Of course, there’s more going on in New Year’s Eve than just Randy taking Kanye’s name in vain and Claire refusing the accept that Times Square is not the center of the universe.  There’s also an old man (Robert De Niro) who wants to time his death so he passes right at the start of the new year.  Sarah Jessica Parker plays the mother of frustrated teenager Abigail Breslin and gets to make a “girls gone wild” joke.  (A Kanye reference and a girls gone wild joke in the same film?  It’s like a pop culture tsunami!)  Michelle Pfeiffer tries to accomplish all of her new year’s resolutions with the help of Zac Efron.  Halle Berry worries about her husband (Common) , who is serving overseas.  Josh Duhamel searches for a woman who once told him that his heart was more important than his business.  Seth Meyers and Jessica Biel compete with Til Schweiger and Sarah Paulson to see who can be the family of the first child born in the new year.  Jon Bon Jovi thinks about the woman that he nearly married and Katherine Heigl wonders if she’s ever going to have a career again.  In other words, New Year’s Eve is an ensemble piece, one in which a bunch of slumming Oscar winners and overachieving TV actors step into small roles.  It leads to some odd pairings.  De Niro, for instance, shares scenes with Alyssa Milano while Sofia Vergara and Ludacris are both relegated to playing sidekicks.  Michael Bloomberg, New York’s then-mayor and general threat to civil liberties everywhere, also shows up, playing himself with the type of smarminess that already has many people dreading the prospect of his 2020 presidential campaign.  This is one of those films where everyone has a familiar face but no one makes much of an impression.

New Year’s Eve was directed by the late Garry Marshall and it’s the second film in his so-called holiday trilogy, sitting right between Valentine’s Day and Mother’s Day.  By most accounts, Garry Marshall was a nice guy and popular in the industry, which perhaps explains why so many familiar faces were willing to sign up to appear in New Year’s Eve.  Though the film is ruthlessly mediocre, it’s actually the best of the holiday trilogy.  For all the schmaltz and forced sentiment, one gets the feeling that the film actually is sincere in its belief in the importance of that ball dropping in Times Square.

I remember that, when New Year’s Eve was first released, a lot of people joked that Marshall was going to make an ensemble romantic comedy about every single holiday, all with the hope that at least one of them would eventually become a television perennial in the style of It’s A Wonderful Life or The Ten Commandments.  Interestingly, that’s exactly what happened with New Year’s Eve.  Yesterday, E! aired New Year’s Eve three times, back-to-back!  For better or worse, this film is probably going to outlive us all, ensuring that, in the far future, viewers will spend New Year’s Eve asking themselves, “What’s a kanye?”

Shattered Politics #80: Bobby (dir by Emilio Estevez)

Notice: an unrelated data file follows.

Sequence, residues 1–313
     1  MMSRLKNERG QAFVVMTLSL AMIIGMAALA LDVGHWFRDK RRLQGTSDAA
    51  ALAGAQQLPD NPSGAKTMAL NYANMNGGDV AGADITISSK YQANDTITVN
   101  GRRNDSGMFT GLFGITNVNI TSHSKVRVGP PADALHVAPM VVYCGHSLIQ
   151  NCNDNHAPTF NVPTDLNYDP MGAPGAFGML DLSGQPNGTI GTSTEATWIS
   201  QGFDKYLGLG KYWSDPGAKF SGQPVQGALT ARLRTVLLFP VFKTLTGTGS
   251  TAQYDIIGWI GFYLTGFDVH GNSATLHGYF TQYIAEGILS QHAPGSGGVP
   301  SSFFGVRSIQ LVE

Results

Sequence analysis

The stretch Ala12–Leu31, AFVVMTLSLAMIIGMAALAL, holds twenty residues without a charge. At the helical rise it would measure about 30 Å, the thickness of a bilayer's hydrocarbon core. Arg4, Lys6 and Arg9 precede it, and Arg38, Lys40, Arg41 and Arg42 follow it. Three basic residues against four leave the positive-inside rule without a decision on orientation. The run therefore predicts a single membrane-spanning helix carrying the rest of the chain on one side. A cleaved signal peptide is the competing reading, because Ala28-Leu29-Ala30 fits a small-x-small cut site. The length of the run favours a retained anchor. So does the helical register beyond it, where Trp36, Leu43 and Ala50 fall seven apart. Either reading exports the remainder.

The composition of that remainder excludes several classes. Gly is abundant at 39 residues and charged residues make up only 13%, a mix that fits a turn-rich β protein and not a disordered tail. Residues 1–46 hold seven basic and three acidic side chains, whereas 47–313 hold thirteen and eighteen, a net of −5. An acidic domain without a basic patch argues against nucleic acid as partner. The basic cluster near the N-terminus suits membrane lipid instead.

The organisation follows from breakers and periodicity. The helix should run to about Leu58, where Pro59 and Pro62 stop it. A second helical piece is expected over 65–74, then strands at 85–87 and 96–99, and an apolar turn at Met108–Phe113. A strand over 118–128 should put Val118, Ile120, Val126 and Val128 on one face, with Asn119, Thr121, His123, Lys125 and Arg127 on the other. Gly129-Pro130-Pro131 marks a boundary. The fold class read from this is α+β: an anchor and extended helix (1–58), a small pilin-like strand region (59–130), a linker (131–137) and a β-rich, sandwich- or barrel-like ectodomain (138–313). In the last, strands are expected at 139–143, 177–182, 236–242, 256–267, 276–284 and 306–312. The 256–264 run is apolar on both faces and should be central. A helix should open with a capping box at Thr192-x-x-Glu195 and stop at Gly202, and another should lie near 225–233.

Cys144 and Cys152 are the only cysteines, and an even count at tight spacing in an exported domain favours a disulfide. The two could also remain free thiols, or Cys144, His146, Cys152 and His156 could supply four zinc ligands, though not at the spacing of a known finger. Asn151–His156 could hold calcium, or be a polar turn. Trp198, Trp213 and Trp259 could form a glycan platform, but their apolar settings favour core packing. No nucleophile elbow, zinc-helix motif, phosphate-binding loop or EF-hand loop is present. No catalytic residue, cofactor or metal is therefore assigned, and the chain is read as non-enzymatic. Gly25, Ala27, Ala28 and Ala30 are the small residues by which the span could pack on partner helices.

Bobby_poster

A few years ago, I was on twitter when I came across someone who had just watched The Breakfast Club.  

“Whatever happened to Emilio Estevez?” she asked.

Being the know-it-all, obsessive film fan that I am, I tweeted back, “He’s a director.”

Of course, I could not leave well enough along.  I had to send another tweet, “He directed a movie called Bobby that got nominated for bunch of Golden Globes.”

“Was it any good?” she wrote back.

“Never seen it,” I wrote back, suddenly feeling very embarrassed because, if there’s anything I hate, it’s admitting that there’s a film that I haven’t seen.

However, Shattered Politics gave me an excuse to finally sit down and watch Bobby.  So now, I can now say that I have watched this 2006 film and … eh.

Listen, I have to admit that I really hate giving a film like Bobby a lukewarm review because it’s not like Bobby is a bad film.  It really isn’t.  As a director, Emilio Estevez is a bit heavy-handed but he’s not without talent.  He’s good with actors.  Bobby actually features good performances from both Lindsay Lohan and Shia LaBeouf!  So, give Estevez that.

And Bobby is a film that Estevez spent seven years making.  It’s a film that he largely made with his own money.  Bobby is obviously a passion project for Estevez and that passion does come through.  (That’s actually one of the reasons why the film often feels so heavy-handed.)

But, with all that in mind, Bobby never really develops a strong enough narrative to make Estevez’s passion dramatically compelling.  The film takes place on the day of the 1968 Democratic California Presidential Primary.  That’s the day that Robert F. Kennedy won the primary and was then shot by Sirhan Sirhan in the kitchen of the Ambassador Hotel.  However, it never seems to know what it wants to say about Kennedy or his death, beyond the fact that Estevez seems to like him.

(Incidentally, it’s always interesting, to me, that Dallas is still expected to apologize every day for the death of JFK but Los Angeles has never had to apologize for the death of his brother.)

Estevez follows an ensemble of 22 characters as they go about their day at and around the Ambassador Hotel.  As often happens with ensemble pieces, some of these characters are more interesting than others.

For instance, Anthony Hopkins plays a courtly and retired doorman who sits in the lobby and plays chess with his friend Nelson (Harry Belafonte).  It adds little to the film’s story but both Hopkins and Belafonte appear to enjoy acting opposite each other and so, they’re fun to watch.

Lindsay Lohan plays a woman who marries a recently enlisted soldier (Elijah Wood), the hope being that his marital status will keep him out of Vietnam.  The problem with this story is that it’s so compelling that it feels unfair that it has to share space with all the other stories.

Christian Slater plays Darrell, who runs the kitchen and who spends most of the movie talking down to the kitchen staff, the majority of whom are Hispanic.  Darrell is disliked by the hotel’s manager (William H. Macy) who is cheating on his wife (Sharon Stone).

And then, you’ve got two campaign aides (Shia LaBeouf and Brian Geraghty) who end up dropping acid with a drug dealer played by Ashton Kutcher.  Unfortunately, Estevez tries to visualize their trip and it brings the film’s action to a halt.

Estevez himself shows up, playing the husband of an alcoholic singer (Demi Moore).  And Estevez’s father, Martin Sheen, gets to play a wealthy supporter of Kennedy’s.  Sheen’s wife is played by Helen Hunt.  She gets to ask her husband whether she reminds him more of Jackie or of Ethel.

(Actually, Martin Sheen and Helen Hunt are cute together.  Much as with Lohan and Wood, you wish that more time had been devoted to them and their relationship.)

And there are other stories as well.  In fact, there’s far too many stories going on in Bobby.  It may seem strange for a girl who is trying to review 94 films in three weeks to say this but Emilio Estevez really tries to cram too much into Bobby.

At the same time, too much ambition is better none.  Bobby may have been a misfire but at least it’s a respectable misfire.

Horror On TV: That 70s Show 2.5 “Halloween”


Okay, so technically, this really isn’t horror.  But who cares?  It deals with Halloween traditions and, even more importantly,  I loved That 70s Show.

This episode was originally broadcast on October 26th, 1999.